Investors are looking for experts that have been through multiple investment cycles and have first-hand experience with low-probability factors that can have a major impact on profitability. The world has shown over the last two to three years that strong expertise and longstanding experience are required to overcome new challenges.

A debt facility to support Germany’s energy transition

The rising cost of fossil fuels has added renewed impetus to the energy transition.

Many markets are looking at ways of increasing their use of renewables. This is certainly the case in Germany, where it is estimated that the country will need to invest approximately $1.5 trillion in renewable energy within the next 15 years to guarantee independence from coal and gas.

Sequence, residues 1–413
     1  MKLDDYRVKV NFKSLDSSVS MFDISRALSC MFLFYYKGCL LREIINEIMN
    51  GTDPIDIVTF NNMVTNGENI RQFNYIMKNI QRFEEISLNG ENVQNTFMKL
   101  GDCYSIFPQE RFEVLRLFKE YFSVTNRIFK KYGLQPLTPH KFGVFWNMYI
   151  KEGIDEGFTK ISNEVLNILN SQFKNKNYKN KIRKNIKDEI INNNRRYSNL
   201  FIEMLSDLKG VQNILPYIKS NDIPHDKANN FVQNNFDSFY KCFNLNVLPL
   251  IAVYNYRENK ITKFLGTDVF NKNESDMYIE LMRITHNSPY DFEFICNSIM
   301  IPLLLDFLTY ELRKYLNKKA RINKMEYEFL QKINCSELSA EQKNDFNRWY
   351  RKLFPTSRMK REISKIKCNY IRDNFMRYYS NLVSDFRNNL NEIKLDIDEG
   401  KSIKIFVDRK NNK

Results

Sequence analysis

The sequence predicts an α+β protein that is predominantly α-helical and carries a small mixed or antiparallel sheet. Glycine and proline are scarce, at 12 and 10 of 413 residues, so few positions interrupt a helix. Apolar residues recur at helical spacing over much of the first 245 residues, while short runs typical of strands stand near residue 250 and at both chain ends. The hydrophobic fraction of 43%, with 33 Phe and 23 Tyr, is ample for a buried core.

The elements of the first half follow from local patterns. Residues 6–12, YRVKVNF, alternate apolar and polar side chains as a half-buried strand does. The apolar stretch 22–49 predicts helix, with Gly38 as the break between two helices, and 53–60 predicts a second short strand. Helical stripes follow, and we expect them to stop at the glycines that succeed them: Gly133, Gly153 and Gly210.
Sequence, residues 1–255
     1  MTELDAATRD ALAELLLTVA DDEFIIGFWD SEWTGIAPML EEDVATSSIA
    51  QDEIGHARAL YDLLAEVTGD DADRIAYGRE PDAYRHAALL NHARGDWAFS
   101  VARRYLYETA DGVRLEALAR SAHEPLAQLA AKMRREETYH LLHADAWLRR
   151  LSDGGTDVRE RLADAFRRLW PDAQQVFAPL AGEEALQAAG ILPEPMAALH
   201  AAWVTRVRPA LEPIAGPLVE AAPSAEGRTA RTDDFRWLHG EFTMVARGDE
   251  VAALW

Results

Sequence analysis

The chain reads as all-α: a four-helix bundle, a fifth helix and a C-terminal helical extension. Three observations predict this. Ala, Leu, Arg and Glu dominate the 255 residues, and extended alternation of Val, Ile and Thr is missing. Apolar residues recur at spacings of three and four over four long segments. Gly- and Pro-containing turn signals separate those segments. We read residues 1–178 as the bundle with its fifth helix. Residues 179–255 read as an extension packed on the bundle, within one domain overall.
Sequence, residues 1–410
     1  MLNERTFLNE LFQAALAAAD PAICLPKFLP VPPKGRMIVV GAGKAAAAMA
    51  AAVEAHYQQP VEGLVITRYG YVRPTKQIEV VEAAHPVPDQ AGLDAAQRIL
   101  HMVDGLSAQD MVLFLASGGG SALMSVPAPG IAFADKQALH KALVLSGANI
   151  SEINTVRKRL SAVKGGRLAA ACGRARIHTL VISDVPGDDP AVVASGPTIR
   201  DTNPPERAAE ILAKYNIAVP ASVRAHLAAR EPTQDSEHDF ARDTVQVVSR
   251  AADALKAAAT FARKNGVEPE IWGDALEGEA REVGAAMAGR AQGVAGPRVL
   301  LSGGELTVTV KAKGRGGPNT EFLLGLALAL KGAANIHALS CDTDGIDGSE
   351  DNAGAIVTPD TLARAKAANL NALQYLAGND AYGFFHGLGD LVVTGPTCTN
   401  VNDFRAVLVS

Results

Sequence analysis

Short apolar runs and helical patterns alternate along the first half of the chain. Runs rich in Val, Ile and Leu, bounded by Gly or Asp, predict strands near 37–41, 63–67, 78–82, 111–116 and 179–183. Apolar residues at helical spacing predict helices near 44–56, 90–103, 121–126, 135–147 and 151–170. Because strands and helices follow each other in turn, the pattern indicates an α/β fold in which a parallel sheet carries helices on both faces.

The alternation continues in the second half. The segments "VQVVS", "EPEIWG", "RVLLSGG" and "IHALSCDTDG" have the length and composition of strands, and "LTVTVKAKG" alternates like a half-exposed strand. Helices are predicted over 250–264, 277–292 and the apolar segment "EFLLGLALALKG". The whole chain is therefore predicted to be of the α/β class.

“Given the huge capital injection needed to sustain the energy transition, financial markets have a substantial role to play. We are taking up this role and closed a €120 million holdco debt facility late last year. The debt facility, which has been closed with Enpal, a Berlin-based greentech energy company, will be used to refinance more than 30,000 new solar plants, energy storage systems and EV chargers,” says Philippe Benaroya, managing partner and CEO of Infranity.

“The partnership with Enpal will help strengthen the rollout of green, residential energy solutions. Eliminating the bottlenecks that hinder the adoption of solar power not only enables economies to pursue energy independence, it also ensures investors have access to the substantial risk-adjusted returns that can only be found through sustainable infrastructure debt assets.”